Moving west from here toward Mirach, we run into a small galaxy cluster known as Hickson 10. We're talking a very deep field here, 100 times more distant than the Andromeda Galaxy. This is a group of four spiral galaxies, two of which are clearly warped due to their mutual gravitational interaction. Right next to Mirach is a little elliptical galaxy (NGC 404) known as Mirach's ghost. In a small telescope, it almost looks like a reflection of the bright star Mirach off of the internal optics of the lenses of the telescope, but it is a real galaxy first seen by Herschel in 1784. Like IC 239, this little guy is on the fringes of the local group, about 10 million light years away.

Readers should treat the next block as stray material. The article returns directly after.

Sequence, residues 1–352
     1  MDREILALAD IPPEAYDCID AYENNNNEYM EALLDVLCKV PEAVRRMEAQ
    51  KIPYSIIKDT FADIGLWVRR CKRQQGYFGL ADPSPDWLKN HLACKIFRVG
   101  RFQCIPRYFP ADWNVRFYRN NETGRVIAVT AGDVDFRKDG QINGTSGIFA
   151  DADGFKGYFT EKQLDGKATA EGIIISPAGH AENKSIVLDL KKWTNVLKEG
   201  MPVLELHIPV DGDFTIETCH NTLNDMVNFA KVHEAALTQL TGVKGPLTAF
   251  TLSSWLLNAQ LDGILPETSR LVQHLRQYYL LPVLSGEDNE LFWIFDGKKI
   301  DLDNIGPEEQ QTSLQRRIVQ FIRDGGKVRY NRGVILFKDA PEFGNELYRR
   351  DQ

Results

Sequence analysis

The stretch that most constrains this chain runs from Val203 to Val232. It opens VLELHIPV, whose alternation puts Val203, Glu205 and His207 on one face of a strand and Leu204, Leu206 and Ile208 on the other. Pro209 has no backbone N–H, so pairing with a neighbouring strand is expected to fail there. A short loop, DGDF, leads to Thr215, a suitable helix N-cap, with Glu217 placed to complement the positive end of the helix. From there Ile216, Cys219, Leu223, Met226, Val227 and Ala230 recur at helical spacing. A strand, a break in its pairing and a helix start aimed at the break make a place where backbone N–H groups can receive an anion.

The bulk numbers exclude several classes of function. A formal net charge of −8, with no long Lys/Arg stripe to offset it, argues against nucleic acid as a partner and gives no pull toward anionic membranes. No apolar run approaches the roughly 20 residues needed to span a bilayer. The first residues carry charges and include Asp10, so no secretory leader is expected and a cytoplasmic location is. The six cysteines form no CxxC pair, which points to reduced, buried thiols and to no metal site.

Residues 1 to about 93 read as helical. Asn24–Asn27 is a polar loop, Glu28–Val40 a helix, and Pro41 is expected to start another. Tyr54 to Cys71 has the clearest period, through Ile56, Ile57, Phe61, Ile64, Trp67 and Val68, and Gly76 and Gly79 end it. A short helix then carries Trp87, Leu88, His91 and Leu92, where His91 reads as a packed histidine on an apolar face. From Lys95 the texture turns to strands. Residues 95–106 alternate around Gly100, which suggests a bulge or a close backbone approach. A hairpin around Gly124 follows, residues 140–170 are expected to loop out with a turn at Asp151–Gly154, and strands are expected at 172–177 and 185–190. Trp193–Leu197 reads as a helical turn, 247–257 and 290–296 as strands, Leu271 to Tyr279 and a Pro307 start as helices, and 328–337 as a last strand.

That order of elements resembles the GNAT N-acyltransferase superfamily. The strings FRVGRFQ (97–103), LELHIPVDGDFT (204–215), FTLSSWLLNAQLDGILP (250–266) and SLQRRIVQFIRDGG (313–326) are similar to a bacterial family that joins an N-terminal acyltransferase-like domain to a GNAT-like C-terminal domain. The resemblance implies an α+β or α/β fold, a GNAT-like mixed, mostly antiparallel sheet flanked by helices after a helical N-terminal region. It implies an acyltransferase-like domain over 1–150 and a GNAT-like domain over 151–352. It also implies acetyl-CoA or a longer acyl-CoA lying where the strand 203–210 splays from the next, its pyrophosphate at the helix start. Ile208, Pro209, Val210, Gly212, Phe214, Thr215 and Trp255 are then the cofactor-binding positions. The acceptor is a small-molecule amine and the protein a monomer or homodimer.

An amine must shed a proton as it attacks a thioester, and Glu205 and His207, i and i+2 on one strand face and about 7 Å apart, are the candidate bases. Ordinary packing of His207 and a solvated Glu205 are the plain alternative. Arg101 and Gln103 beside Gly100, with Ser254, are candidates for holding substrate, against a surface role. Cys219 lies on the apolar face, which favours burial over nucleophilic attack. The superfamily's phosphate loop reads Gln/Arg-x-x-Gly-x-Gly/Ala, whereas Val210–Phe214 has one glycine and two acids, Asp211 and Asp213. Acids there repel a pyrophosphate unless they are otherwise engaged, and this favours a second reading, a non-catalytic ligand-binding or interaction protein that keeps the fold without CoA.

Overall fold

For the last two objects I want to mention, we look to the far Western end of the constellation, near the border it shares with Cassiopeia and Lacerta, a region of the sky about 10 degrees north of Alpheratz. First is a small open cluster of only a few dozen stars, NGC 7686 (or Collinder 456), for which I found a nice picture here. Also present is NGC 7662, also known as the Blue Snowball Nebula, a fairly easy planetary nebula to observe with a small telescope. Burnham notes that with a 10-inch telescope, the annular nature of the nebula is easy to see, though the central star is tough to pick out. The real puzzle with these nebulae is trying to reconstruct what was going on before to give them their unusual and varied shapes, and this is the main research interest of a faculty member where I got my PhD.

Posted by Observer at February 3, 2008 02:02 PM